The Roundhouse Theatre

The Roundhouse Theatre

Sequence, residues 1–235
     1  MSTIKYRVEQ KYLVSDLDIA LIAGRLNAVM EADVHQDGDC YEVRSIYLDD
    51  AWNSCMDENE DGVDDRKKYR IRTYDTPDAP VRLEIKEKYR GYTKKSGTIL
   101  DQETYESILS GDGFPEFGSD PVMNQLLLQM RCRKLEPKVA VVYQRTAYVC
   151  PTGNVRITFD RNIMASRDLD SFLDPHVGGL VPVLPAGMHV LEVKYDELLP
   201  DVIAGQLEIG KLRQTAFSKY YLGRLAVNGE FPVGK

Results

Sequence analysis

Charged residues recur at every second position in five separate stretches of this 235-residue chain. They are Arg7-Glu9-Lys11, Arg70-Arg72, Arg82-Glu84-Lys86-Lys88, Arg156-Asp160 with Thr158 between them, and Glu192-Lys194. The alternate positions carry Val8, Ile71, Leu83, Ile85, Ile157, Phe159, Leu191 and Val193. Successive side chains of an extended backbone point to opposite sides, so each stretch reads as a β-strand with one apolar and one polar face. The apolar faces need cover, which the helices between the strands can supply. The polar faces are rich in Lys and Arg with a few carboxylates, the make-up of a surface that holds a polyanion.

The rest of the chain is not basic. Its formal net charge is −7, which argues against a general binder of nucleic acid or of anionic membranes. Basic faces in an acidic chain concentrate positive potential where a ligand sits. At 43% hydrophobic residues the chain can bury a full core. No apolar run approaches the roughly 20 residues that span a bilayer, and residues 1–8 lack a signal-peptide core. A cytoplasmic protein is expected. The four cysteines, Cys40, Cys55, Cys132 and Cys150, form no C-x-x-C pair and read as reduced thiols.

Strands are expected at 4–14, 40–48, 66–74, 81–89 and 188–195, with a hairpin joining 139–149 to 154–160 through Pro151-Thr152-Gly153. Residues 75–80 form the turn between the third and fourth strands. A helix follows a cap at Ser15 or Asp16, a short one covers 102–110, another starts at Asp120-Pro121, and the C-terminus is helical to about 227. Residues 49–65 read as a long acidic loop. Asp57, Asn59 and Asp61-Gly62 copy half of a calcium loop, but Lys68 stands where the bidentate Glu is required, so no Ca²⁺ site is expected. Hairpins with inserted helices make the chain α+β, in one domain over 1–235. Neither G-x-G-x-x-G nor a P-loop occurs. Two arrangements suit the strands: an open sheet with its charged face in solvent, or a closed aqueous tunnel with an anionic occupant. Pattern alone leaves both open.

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One of London’s legendary music and arts venues, the Roundhouse in Camden, has been transformed from a redundant Grade II listed building into a leading London arts venue. The Roundhouse is the famous Victorian steam engine shed that became a legendary music and arts venue in the 1960s and 70s. Housing a turntable for rotating locomotives, it got its name from the distinctive shape of the building. Always ground-breaking, this is where punk and glam rock started, where the Doors played their only British gig, and where theatre took on a new and accessible identity. The Roundhouse was host to many famous bands including the Rolling Stones and Jimi Hendrix, as well as staging a number of seminal theatre performances. Following its closure in 1983, the building fell into disrepair until in 1997 the Roundhouse Trust was established and the restoration project began. Architects John McAslan & Partners were tasked with refurbishing the historic structure to bring it into the 21st Century, he charm, history and nostalgia associated with it. The restoration needed to be a sympathetic refurbishment, bringing the building into the 21st century, yet still retaining its charm, history and nostalgia. Of paramount importance, the architects insisted that all building materials were carefully chosen to protect the integrity of the historic structure. What was required was a traditional product that was commercially viable for large modern-day projects. To exactly match the existing lime mortar, architects John McAslan & Partners, specified Limetec hydraulic lime mortar. A modern day equivalent of traditional lime mortar, it met the exact requirements needed to match the existing mortar. It enabled the successful remodelling of the interior structure as well as repairs to the external brickwork.